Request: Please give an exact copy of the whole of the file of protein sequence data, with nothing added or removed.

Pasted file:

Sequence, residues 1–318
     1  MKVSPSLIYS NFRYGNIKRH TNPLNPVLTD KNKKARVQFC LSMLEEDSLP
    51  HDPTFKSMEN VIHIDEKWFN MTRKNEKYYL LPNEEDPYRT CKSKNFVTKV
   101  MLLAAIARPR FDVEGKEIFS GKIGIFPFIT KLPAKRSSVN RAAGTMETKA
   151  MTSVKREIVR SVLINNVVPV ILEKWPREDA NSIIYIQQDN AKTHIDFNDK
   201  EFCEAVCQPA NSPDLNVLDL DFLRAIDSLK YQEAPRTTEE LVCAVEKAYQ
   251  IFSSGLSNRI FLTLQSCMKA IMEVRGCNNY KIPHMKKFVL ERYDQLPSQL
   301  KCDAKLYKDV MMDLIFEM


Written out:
Sequence, residues 1–318
     1  MKVSPSLIYS NFRYGNIKRH TNPLNPVLTD KNKKARVQFC LSMLEEDSLP
    51  HDPTFKSMEN VIHIDEKWFN MTRKNEKYYL LPNEEDPYRT CKSKNFVTKV
   101  MLLAAIARPR FDVEGKEIFS GKIGIFPFIT KLPAKRSSVN RAAGTMETKA
   151  MTSVKREIVR SVLINNVVPV ILEKWPREDA NSIIYIQQDN AKTHIDFNDK
   201  EFCEAVCQPA NSPDLNVLDL DFLRAIDSLK YQEAPRTTEE LVCAVEKAYQ
   251  IFSSGLSNRI FLTLQSCMKA IMEVRGCNNY KIPHMKKFVL ERYDQLPSQL
   301  KCDAKLYKDV MMDLIFEM